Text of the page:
Limiting Prevailing Party Attorneys’ Fees
Recently, a federal judge in San Francisco limited the prevailing plaintiff’s attorneys’ fees in a Disabilities Act case, giving a blueprint for how to attack excessive fees.
Fees of $1.4 million were sought. The defendant restaurant argued the fees and costs should be no more than $400,000. The court found that “unsurprisingly, the appropriate amount falls somewhere along the million dollar spectrum between the parties’ requests,” awarding approximately $750,000.
In reducing the fee request, the court limited the attorney rates, reduced the requested hours, and imposed a negative “multiplier” of 20 percent due to limited success in the case.
In Rodriguez v. Barrita Inc., dba La Victoria Taqueria, plaintiff prevailed after five years of litigation in a case brought under the Americans With Disabilities Act (ADA) and the similar California statute establishing two violations at the defendant restaurant and failing on eight other alleged barriers.
Fees were recoverable on a lodestar basis, i.e., reasonable rates times reasonable hours. The question arose whether the fee award should reflect the attorneys’ current rates, which were higher than those in place when the case began in 2009. The court has discretion to apply the rates in effect at the time the work was performed. See Barjon v. Dalton, 132 F.3d 496, 502 (9th Cir. 1997), but may also award fees at the attorneys’ current rate to compensate for the lengthy delay in receiving payment. Here, the court chose a middle route awarding 2013 rates, which were significantly lower than the rates in 2014 and consistent with previous rates for the same attorneys in earlier cases.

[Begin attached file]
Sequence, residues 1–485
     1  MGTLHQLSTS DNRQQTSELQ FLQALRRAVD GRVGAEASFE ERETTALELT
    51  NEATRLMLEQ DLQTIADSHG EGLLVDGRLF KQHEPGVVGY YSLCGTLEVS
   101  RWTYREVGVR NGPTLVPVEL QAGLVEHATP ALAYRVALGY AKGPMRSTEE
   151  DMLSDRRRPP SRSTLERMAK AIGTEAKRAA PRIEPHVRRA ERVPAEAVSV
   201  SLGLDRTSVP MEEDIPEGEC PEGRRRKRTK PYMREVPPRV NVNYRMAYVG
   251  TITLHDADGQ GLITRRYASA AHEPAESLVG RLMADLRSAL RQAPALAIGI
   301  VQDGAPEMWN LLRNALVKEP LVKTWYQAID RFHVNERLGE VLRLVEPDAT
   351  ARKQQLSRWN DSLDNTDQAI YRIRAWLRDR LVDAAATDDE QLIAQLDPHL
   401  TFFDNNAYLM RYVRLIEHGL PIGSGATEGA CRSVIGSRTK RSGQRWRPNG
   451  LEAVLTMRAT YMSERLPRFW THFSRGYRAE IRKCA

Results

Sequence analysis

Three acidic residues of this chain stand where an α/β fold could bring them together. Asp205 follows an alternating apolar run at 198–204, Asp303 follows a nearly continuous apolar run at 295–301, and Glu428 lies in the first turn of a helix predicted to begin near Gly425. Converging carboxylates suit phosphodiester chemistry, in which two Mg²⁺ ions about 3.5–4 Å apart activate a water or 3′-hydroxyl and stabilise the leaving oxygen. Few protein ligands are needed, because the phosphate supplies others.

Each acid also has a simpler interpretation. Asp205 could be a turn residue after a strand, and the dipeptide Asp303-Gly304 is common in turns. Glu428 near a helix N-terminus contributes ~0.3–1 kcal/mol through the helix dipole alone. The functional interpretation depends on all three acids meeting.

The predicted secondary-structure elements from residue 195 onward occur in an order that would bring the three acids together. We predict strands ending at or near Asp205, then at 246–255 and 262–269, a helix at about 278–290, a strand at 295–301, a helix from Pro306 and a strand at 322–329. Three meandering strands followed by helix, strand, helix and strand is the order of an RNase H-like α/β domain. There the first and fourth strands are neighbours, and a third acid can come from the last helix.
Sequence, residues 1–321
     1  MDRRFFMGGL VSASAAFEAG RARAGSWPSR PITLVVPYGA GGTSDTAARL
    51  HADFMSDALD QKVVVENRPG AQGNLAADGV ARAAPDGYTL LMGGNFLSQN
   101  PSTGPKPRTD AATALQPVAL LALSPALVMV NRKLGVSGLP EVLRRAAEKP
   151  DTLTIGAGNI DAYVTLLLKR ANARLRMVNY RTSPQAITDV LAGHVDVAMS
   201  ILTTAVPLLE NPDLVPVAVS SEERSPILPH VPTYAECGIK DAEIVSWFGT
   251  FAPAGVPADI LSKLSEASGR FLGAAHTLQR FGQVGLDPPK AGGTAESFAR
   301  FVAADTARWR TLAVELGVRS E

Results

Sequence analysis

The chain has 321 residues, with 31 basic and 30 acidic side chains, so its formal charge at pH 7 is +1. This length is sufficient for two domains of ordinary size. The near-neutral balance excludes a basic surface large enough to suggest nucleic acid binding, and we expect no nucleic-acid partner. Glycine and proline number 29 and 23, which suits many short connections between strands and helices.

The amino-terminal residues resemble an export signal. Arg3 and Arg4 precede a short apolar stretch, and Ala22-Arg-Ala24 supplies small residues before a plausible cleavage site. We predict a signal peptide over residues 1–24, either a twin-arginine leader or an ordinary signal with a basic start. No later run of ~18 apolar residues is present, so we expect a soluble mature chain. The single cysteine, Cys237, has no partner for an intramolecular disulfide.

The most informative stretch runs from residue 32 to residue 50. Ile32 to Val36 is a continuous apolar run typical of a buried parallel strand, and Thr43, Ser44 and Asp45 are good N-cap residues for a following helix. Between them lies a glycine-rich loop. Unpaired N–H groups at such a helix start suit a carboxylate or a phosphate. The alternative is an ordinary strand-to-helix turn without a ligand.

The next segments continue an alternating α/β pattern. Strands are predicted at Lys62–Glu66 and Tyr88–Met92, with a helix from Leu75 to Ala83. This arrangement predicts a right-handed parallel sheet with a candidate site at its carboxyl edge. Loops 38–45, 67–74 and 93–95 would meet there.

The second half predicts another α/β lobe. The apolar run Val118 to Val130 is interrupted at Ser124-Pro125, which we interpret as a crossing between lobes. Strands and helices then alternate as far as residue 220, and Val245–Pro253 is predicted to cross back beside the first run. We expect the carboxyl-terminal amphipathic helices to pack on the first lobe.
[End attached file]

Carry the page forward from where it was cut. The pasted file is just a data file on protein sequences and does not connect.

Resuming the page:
Defendant alleged overbilling concerning the 1,700 hours prosecuting a disability access case that culminated in a four-day bench trial. Defendant argued that the case was “relatively straightforward” and that plaintiffs’ attorneys were extensively experienced in litigating ADA cases and should have been more efficient. In response, plaintiffs’ counsel agreed to a 5 percent overall cut to guard against inefficiencies or inconsistencies in its billing practices. The court made further reductions, nonetheless.
The court found excessive conferencing between and among the five timekeepers who worked on the case. This was described as “excessive co-conferencing.” The main attorney spent 24 percent of his total time conferencing with his cocounsel. The court also found that it was “troubling” that “many of plaintiffs’ ‘conferencing’ entries simply do not match up.” The court analyzed trial counsel’s 38.8 hours spent conferencing with others at his firm and found that 24.4 of those hours could not be verified by a matching entry. All uncorroborated conferencing time was reduced.
The court reduced the time spent by one attorney observing an unrelated trial.
Two lawyers spent 39.1 hours preparing for and 18.5 hours attending a six-hour mediation. The court stated “even assuming it was reasonable for two attorneys to attend the conference, plaintiff makes little attempt to explain why two highly experienced attorneys and a paralegal needed to spend so much time preparing for the conference.” The preparation time was significantly reduced.
Plaintiffs used three attorneys and two paralegals for a total of 123.5 hours to prepare the motion for attorneys’ fees. The court reduced the time for the motion, but only by 25 hours.
Of particular interest, the court made a 20 percent reduction because plaintiff only achieved partial success on his claims. The court did not undertake to identify specific hours that should be eliminated concerning unsuccessful claims, but simply made a wholesale reduction, termed a “haircut.”
Most often, for a challenge for lack of success to prevail, specific hours should be identified which were unrelated to the successful claims, see Thorne v. City of El Segundo, 802 F.2d 1131, 1141. In this case, the court didn’t need such specificity and simply lopped 20 percent from the fee request.
The court’s decision in Rodriguez shows the level of analysis which is necessary to significantly reduce a prevailing party’s fees. In our experience, such fee requests may well be excessive, but success in challenging the fees will depend upon a detailed showing as to lack of success and the fees related to unsuccessful theories and specific areas of unreasonableness, quantified with particularity.
André E. Jardini